Luke 11:1, And it came to pass, that, as he was praying in a certain place, when he ceased, one of his disciples said unto him, Lord, teach us to pray, as John also taught his disciples.”

The disciples saw Jesus go alone and spend time in prayer countless times. Surely they saw Him pray more than any other single thing He did—more than teach or preach or heal the sick. It makes sense that they would ask Him how to do the thing He did best-pray. But, when they asked Jesus about prayer, they did NOT say, “We see you spending hours each week in prayer. We want the power You have. Please teach us how to pray to God as you pray to your very own Father.” No, it seems the disciples never ‘got it.’ Instead, they asked Jesus to teach them to pray “as John also taught his disciples.” Isn’t that an odd request? As if, they were missing out on something that others had? THEY had the presence of God with them, but they felt that other followers had something more than they did. Looking at Scripture, it seems absurd and embarrassing that they would ask Jesus to “be as good to them as” John was to his disciples.

Aren’t we often like the men who followed Jesus? We want to follow Christ. We will sacrifice to do so. But too often, we just don’t ‘get it.’ The Lord desires to teach us through His Word and His Spirit, but we are more interested in trying to be like other people and know what they know. Our focus is not always on Christ, but on other Christians. We all need to remember that Jesus is our desire and Christ-likeness is our goal.

  1. Go to the source. I thank God for books, magazines, articles and blogs by Christian authors! I have been challenged and convicted to seek Christ through the written word of some amazing men and women who serve the Lord. I encourage every woman to take time each week to read about the Christian life. BUT, this is never a substitute FOR the Bible! The Bible itself is the inspired, preserved Word of God. It is to be my daily source of spiritual nourishment and strength. The Holy Spirit is the best teacher, and the Bible is His textbook. Human understanding may be flawed, but the Scripture is perfect. Ladies, we need to be sure that we get our doctrine, our instruction, our comfort, our philosophies, and our commands straight from the Word of God. Know it. Read it. Memorize it. Study it. Meditate upon it. Let nothing take Its place of importance in our lives.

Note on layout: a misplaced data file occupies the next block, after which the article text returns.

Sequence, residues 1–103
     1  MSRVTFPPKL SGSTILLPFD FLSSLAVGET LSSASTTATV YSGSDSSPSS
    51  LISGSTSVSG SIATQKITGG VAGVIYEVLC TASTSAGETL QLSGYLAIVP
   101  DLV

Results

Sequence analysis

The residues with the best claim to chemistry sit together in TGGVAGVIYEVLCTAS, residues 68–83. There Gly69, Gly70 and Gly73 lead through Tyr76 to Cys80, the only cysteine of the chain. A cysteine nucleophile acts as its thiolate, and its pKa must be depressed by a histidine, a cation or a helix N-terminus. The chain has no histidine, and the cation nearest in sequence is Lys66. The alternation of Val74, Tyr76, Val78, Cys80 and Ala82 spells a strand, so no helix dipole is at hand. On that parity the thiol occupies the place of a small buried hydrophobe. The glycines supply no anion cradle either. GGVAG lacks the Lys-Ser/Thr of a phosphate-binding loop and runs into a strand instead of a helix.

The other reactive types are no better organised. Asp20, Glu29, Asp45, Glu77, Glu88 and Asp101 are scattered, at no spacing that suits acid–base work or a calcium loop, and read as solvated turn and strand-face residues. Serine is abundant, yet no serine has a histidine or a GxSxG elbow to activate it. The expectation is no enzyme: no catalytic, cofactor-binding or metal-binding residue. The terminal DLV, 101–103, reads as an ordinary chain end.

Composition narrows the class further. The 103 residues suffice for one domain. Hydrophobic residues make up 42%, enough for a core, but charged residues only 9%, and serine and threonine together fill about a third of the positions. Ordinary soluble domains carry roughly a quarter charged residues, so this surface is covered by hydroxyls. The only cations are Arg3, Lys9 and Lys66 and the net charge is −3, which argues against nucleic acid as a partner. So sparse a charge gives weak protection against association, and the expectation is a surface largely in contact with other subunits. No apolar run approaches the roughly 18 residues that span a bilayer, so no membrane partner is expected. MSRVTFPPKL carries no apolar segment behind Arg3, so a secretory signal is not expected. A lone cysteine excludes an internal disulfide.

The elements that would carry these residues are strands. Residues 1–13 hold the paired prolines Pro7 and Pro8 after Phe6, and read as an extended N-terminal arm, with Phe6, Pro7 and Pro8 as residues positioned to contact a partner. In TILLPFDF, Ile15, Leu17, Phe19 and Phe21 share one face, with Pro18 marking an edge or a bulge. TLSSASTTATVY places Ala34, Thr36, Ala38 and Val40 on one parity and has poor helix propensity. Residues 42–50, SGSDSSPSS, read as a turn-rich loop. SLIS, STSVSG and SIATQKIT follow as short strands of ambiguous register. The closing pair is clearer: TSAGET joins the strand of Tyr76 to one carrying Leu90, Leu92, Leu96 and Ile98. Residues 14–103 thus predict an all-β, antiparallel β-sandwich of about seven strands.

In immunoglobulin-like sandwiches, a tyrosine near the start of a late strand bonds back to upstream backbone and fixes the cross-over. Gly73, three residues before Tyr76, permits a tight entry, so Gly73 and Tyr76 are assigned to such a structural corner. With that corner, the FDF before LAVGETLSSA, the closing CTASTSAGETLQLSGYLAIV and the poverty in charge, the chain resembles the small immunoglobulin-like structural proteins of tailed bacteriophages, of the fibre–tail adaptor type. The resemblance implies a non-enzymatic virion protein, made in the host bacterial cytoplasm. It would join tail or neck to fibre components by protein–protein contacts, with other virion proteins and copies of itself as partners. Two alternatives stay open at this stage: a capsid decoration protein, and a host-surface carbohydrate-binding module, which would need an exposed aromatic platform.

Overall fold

1. Do not compare your blessings with others’ blessings. Social media can be a great tool. I enjoy keeping up with friends on Facebook. One down side to these sites can be the envy they can cause. It’s obvious that we can look at other people’s lives online and become jealous, wanting what they have. What is awkward and hard to admit, is that I have found myself, more than once, feeling envy at God’s blessings in someone else’s life. A friend may share an answer to prayer, or a praise, or a blessing. She is giving all the praise to God, and, in my black-slidden condition, I can ignore the blessing and envy her relationship with God! Have you ever been there? Jesus’ disciples did not want the presence of God in their lives and much as they wanted something they did not have. How ironic! They had Jesus! Yet, they were still jealous. Be careful of envy, even on a spiritual level.
  1. Beware of idolatry. When the disciples wanted Jesus to teach them ‘like John the Baptist,’ they were putting more importance on John than their Saviour. Was that John’s fault? No. It was not. It was the disciples’ fault for lifting him up in esteem more than Christ.

Oftentimes spiritual leaders are accused of encouraging their followers to idolize them, instead of pointing them to Jesus. This may be true on rare occasions, but much more often this fault belongs to the followers. It is human nature to give too much love and devotion to something or someone we can see, hear, touch, and perceive with the senses, than to give that devotion to an invisible God. Look at the Jews in the Old Testament. Always, always they were pulled from loving God and drawn to serving idols. Over and over and over again. We have that same human nature. We must be sure that nothing and no one takes the place of Jesus Christ as first in our hearts and minds. It is too easy to make our leaders an idol. They do not want to take the place of God in our lives any more than John the Baptist sought to be the example of teaching over the Master Teacher. He pointed all men to Christ. Yet, the disciples put him in too high of esteem in their minds. We must guard against this in our lives.

Be thankful for your pastor. Be grateful for the Godly women you hear on the radio, the authors you read, the evangelists, the public speakers, the Bible college professors, the Sunday school teachers. These people are all gifts of God in our lives, used by Him to point us to Christ. Simply be careful that none of these people take the place of Jesus in our affections and in our time spend compared to time spent alone, with our Heavenly Father, reading His Word, and in prayer, seeking His face.

Next week, I can’t wait to discuss the topic, “Are you brave enough to pray the Lord’s Prayer?” I believe it will be helpful. Have a great week, friends!